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The sophomore righty earning the opening pitch for the Chapel Hill Regional against No. 4 seed Dartmouth was not unexpected, especially considering it's the same approach employed by the UNC coaching staff last season in beginning the NCAA postseason against Mount St. Mary's. Harvey allowed one run on one hit in three innings, as the Tar Heels darted out to a 8-1 lead before he was pulled.
"They've all got to win a game for us, we think – or we know – in this regional for us to advance," Fox said. "We could really have pitched any one of those guys in any order. They've all shown flashes of being really, really good, and they've had some bumps in the road, which is normal. I think Matt Harvey has pitched great down the stretch… So we'll see if we pushed the right button there."
That's the correct political answer, but the more likely scenario is that Fox acknowledges that Dartmouth is not at the level of No. 2 seed Coastal Carolina or No. 3 seed Kansas, and by saving his first two options – Alex White and Adam Warren – for Saturday and Sunday, respectively, he's putting his program in better position to advance.
It doesn't hurt that the Big Green has not seen a fast ball jump on them quicker than what Harvey (6-2, 5.60 ERA) will deliver, as the Mystic, Conn. product is consistently in the 92-96 miles-per-hour range.
Despite getting hit hard early in Saturday's loss to Clemson, Harvey dug in and worked six valuable innings, giving up just three runs on nine hits with five strikeouts.
"I've just been trying to get our defense involved in the game as much as possible," Harvey said. "My arm didn't feel that great, velocity-wise, but I knew if I made my pitches and forced a ground ball or a flyout, then the defense was going to be right there making plays. That's what has helped me pound the zone a little bit more and not worry about striking guys out."
It's easy to point to the Adam Warren's and Garrett Gore's of the UNC roster that have played in an unprecedented three straight College World Series. But the Tar Heels replaced five starters this season, and that inexperience reared its head in the final moments of the ACC Tournament last weekend.
Patrick Johnson's throwing error to first base with one out in the bottom of the 11th inning made the headlines, but the reason Clemson's Mike Freeman advanced two bases to third – eventually scoring the winning run – is that freshman second baseman Levi Michael failed to backup first baseman Dustin Ackley. The ball ended up in the Tar Heels' dugout, allowing for the extra base pickup.
Fox indicated on Monday that the mistake was due to Michael having to learn on the fly, as the coaching staff was not able to work with him during the fall. Adding to the issue is that the freshman is new to second base, having played shortstop for most of his life.
"He catches himself out of position sometimes, and we have to constantly watch him and where he is," said Fox, adding that Michael's 13 errors are about twice as many as the staff wants from that position.
But in the end, the growing pains are a necessary evil, and it obviously helps to have others in the lineup with a plethora of examples over the years to pull from and utilize.
"Experience, I think, is probably the most important thing this time of year," Fox said on Wednesday. "It's something that I can't teach or coach. It's just something your team has to have, and fortunately, we have it. Now, we've got some guys on the field that haven't been in a regional game before… but I think they'll look toward our leaders and our experienced guys like Adam Warren and Garrett Gore."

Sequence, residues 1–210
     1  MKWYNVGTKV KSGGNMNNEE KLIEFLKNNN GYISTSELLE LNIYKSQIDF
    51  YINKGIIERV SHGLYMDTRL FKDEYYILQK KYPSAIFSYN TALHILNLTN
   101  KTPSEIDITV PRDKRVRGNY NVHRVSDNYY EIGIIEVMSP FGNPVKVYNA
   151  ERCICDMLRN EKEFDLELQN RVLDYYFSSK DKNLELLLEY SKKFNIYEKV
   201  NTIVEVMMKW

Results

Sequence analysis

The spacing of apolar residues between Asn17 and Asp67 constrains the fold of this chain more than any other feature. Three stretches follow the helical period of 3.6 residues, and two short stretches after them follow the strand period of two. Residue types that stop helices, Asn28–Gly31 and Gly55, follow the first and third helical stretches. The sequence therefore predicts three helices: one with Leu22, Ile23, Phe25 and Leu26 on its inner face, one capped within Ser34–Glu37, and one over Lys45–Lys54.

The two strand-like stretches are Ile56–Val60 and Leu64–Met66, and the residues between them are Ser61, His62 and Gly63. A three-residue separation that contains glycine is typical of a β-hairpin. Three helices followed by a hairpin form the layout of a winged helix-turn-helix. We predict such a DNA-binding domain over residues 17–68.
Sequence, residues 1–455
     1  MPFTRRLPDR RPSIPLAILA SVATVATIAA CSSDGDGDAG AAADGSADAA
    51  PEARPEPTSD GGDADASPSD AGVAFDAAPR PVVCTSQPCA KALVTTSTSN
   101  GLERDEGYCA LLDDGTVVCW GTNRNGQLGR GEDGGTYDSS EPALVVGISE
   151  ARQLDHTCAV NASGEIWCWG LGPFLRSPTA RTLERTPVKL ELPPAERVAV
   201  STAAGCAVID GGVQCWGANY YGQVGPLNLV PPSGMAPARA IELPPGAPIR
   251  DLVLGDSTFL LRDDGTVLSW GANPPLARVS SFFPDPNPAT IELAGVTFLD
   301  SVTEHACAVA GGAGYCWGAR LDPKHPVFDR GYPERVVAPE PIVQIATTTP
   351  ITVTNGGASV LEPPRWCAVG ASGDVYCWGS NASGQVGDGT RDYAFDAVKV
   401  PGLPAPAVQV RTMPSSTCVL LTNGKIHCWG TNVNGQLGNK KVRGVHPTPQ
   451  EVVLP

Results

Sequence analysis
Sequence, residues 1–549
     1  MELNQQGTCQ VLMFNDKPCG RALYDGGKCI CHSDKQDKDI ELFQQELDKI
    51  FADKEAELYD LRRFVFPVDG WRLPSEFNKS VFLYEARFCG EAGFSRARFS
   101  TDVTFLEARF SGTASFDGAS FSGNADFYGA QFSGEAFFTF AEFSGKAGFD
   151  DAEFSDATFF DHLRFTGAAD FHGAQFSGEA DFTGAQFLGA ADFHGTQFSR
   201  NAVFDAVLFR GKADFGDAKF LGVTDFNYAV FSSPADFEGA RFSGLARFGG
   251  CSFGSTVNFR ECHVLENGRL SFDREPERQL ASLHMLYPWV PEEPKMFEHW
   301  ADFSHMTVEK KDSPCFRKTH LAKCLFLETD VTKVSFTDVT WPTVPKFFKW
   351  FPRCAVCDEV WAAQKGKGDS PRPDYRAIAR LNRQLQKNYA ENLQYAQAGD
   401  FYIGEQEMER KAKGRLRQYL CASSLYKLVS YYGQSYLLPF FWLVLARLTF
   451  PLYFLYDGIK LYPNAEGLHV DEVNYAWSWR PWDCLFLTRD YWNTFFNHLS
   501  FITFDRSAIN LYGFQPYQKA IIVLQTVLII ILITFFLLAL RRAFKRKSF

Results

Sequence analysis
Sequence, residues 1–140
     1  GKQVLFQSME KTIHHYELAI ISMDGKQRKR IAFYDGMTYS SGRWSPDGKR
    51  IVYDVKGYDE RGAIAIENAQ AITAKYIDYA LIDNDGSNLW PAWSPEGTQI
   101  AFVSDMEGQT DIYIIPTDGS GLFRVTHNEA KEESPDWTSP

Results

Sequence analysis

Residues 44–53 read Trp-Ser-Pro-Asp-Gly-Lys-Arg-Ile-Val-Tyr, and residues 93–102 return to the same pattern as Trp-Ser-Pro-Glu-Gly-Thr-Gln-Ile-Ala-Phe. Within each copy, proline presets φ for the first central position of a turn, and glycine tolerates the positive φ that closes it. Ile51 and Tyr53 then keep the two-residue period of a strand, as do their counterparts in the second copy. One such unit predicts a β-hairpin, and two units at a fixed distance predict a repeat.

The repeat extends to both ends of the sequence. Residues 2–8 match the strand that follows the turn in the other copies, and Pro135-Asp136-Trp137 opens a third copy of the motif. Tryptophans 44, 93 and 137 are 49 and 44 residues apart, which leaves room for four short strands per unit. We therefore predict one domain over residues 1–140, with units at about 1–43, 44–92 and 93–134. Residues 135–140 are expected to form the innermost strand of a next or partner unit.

A Possible Silver Lining
A portion of North Carolina's offensive woes this season have come from the fact that all too often, Dustin Ackley (.399, 20 HR, 61 RBI) and Kyle Seager (.385, 48, RBI, 24 doubles) step to the plate with nobody on base. But if there was a silver lining in the 4-3 loss to Clemson, it was the fact that those two sluggers walked to the plate a combined six times with men on base.
Unfortunately, the dynamic duo also combined for 2-of-11 hitting (.182, 2 RBI). But Ackley and Seager rarely struggle to that degree, so could Saturday's performance by their sidekicks be built upon this weekend?
"I hope so," Ackley said. "It's definitely good to be on base for anybody on our team. Everybody on our team is capable of driving runs in. It seems like Clemson was one of those games where we had some guys on base at certain times and we just couldn't get the job done. That can happen to anybody at any time, but I think we know what to do and our guys will be ready to hit with runners in scoring position."
White Moving Past Virginia
Eight earned runs. Six hits. Two walks. One out.
That's how Saturday's third inning against Virginia played out for projected top-10 draft pick Alex White. But if the junior has learned anything, it's that you can't dwell on past events.
"Sometimes you just can't help it – I was doing my best to get out of that inning, but I just couldn't do it," White said. "It just shows that you've got to move on, you've got to be ready to pitch the next weekend, and you've got to forget about it."
Regardless of how that particular inning turned out, White indicated that he was not ready to come out of the game.
"If they're going to let me go back out, I'm going to go back out," White said. "I'll throw 160 pitches if I've got to. I really don't care. I want to be on the mound at all times."